LAST OF THE PI YAO MINORITY PEOPLE
Wong How Man
“Please, please join us for lunch. We are cooking anyway,” said Tang Mai De San, the 32 years old son-in-law of the family. I declined his truly warm hospitality as it was not just me, but seven of us in my team, and it would add undue work to their family’s very last day at this ancient house.
Tang had just arrived by motorcycle at this now remote hamlet. And the road, it was only completed less than ten years ago. Soon it would be abandoned and lay to waste. Likewise electricity arrived last year, and after today there would be no need for it anymore.
SINGING THE OCEAN BLUES
Musings on fish and commitment while floating in the Sulu Sea
William Bleisch, PhD
Palawan, The Philippines
Back on the boat, I found myself spontaneously bursting into song, singing all the sea shanties I could remember at the top of my voice.
My father was a fisherman all of his life;
And he courted a mermaid one fine night;
And out of this union, there came three;
A porgy and a sea horse, and then there’s me!
We were on the island of Palawan, the southwestern frontier of the Philippines. For our first explorations, we had come to El Nido on the northern tip of the island, traveling by car instead of boat, a change plans at the last minute when it became clear that our new CERS research vessel, the HM Explorer 2, would take months to register. Without our own boat, we were constrained to join one of the tourist circuits. “Today you are doing tours A and C,” declared the tour guide, before he quickly rattled off the names of our destinations. He was obviously all too-familiar after many repeated trips. The beaches and near shore were crowded with visitors, mostly young Filipinos from the city, together with a few trendy young European and Asian tourists.
BLUE SKY, WHITE PEAKS AND GREEN HILLS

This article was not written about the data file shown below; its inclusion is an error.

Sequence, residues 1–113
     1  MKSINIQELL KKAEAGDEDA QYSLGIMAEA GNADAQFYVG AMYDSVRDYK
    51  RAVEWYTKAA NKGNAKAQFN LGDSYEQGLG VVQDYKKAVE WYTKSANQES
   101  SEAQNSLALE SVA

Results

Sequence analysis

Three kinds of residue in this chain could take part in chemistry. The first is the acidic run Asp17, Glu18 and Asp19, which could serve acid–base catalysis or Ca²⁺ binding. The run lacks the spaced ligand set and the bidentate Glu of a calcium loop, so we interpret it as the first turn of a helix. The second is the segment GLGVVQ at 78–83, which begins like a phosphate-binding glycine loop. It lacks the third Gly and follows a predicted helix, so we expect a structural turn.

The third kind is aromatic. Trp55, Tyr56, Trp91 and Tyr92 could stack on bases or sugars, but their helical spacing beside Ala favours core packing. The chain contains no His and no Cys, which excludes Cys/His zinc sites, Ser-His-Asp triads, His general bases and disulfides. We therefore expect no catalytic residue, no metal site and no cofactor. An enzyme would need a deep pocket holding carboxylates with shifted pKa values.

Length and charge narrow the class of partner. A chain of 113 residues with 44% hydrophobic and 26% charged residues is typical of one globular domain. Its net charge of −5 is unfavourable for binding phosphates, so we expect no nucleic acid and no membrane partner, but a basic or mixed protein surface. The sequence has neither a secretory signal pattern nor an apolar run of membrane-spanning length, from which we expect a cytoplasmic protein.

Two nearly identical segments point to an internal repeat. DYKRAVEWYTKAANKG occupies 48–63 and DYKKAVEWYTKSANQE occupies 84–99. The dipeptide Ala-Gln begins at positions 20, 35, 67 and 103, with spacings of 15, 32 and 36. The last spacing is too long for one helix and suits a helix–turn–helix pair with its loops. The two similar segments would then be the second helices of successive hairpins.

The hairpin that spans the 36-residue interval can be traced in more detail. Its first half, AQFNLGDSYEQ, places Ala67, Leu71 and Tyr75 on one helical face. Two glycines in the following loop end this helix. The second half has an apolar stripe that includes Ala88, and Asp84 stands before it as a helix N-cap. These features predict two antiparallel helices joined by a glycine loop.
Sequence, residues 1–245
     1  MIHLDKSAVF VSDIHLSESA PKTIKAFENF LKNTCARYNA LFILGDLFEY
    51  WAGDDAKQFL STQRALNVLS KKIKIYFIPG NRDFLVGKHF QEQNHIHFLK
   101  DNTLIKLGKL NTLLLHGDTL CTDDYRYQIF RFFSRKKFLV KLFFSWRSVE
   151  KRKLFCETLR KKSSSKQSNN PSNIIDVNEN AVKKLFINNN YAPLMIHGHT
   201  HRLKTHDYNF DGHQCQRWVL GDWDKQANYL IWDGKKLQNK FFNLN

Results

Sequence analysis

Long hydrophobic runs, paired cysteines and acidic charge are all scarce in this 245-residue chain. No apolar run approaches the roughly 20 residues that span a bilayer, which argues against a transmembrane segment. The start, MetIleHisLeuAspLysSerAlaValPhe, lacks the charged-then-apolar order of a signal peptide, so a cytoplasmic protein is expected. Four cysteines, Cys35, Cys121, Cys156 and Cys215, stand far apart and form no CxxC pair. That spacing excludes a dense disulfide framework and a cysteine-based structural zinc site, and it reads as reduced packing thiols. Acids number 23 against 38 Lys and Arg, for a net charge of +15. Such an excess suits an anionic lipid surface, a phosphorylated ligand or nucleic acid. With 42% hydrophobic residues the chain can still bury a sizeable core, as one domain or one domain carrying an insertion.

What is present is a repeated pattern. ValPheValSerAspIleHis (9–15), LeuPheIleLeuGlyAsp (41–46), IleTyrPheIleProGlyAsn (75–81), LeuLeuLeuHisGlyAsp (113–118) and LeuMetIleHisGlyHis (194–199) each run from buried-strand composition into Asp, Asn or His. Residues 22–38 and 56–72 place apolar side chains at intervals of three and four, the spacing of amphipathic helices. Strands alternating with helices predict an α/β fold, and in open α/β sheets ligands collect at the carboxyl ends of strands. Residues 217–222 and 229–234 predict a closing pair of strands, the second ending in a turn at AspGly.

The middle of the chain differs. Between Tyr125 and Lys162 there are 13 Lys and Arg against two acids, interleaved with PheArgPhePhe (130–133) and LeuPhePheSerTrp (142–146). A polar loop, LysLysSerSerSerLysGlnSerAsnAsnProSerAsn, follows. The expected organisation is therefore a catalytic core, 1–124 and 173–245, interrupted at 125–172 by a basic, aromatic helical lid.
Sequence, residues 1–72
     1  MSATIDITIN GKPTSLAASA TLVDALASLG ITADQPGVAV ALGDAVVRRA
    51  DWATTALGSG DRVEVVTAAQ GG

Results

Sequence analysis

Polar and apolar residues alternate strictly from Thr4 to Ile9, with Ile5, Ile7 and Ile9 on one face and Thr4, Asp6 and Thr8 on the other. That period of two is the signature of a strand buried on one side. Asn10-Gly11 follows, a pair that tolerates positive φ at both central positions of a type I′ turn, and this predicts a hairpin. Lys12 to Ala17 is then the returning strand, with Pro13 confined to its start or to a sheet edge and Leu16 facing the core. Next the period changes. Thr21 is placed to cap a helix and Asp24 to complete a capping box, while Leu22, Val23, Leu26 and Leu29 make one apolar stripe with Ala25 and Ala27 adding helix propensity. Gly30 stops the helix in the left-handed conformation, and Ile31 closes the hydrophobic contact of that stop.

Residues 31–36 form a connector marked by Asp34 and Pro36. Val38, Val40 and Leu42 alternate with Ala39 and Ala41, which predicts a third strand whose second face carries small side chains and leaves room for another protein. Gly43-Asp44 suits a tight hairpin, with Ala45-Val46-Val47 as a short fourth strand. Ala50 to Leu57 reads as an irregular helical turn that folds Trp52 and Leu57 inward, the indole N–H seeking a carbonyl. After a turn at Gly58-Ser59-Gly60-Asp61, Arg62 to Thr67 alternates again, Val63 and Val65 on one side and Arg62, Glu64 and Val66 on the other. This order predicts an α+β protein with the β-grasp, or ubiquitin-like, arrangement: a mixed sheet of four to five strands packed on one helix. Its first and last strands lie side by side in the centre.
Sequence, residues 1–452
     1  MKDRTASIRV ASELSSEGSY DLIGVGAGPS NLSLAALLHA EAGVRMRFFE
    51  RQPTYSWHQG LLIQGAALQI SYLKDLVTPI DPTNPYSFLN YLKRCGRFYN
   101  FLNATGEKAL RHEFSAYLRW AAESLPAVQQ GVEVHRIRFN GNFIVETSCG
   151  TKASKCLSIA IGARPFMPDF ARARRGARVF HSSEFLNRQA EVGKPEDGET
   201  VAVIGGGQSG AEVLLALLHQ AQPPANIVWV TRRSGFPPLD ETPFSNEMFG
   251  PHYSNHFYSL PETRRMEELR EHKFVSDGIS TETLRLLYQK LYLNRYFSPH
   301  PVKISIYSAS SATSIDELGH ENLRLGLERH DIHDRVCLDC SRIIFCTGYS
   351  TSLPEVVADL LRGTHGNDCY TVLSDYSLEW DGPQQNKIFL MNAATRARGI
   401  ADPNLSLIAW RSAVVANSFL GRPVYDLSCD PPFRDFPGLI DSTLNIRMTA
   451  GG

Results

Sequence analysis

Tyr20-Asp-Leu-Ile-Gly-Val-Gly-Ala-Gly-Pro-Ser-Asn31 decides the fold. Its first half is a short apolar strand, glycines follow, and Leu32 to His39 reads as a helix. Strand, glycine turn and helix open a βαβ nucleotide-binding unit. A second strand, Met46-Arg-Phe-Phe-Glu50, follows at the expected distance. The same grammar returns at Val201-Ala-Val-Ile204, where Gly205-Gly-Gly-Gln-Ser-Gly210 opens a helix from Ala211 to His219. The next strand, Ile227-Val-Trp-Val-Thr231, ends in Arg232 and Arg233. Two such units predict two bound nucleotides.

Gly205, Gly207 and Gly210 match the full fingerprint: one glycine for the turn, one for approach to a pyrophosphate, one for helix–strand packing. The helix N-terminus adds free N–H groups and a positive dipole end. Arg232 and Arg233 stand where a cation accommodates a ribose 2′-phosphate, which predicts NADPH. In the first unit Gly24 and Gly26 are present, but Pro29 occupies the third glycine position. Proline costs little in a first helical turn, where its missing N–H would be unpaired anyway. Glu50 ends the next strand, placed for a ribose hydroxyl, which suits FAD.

And audience with Her Majesty the Royal Grandmother of Bhutan
Wong How Man
“That is a very auspicious sign,” said Lama Neten with a sliver of smile, finally. It seemed at last we had broken the ice as he looked very serious and solemn when I first met him the night before, at a home down the hill.
Though only 49 years of age, his demeanor was like that of an old teacher. After all, he is the abbot of a monastery with 120 monks, most of them boys. And they reside in this monumental castle of Gasa Dzong, the seat of one of the twenty Dzongkhags (Districts) of Bhutan and the northernmost, largest and highest of all the Districts. Below him, but above him in elevation, he controls another twenty smaller sub-monasteries, most sitting at dizzying height of the plateau bordering Tibet.
William Bleisch, PhD
on the trail below Api Himal
The third avalanche stopped us, but it was the fourth avalanche that convinced us all that we had been right to turn back.
I am in the Api Nampa Conservation Area in western Nepal again, back to try to retrieve the camera traps that we set high up near the source of the Chemaliya River last October, just below the cliffs of Api peak itself. We need to retrieve the traps to see what wildlife they have caught and also to bring them down the mountain before thousands of caterpillar fungus collectors enter the protected area later in the month. Unfortunately, a bit of freak weather has left several feet of snow accumulated in the upper reaches of the valley.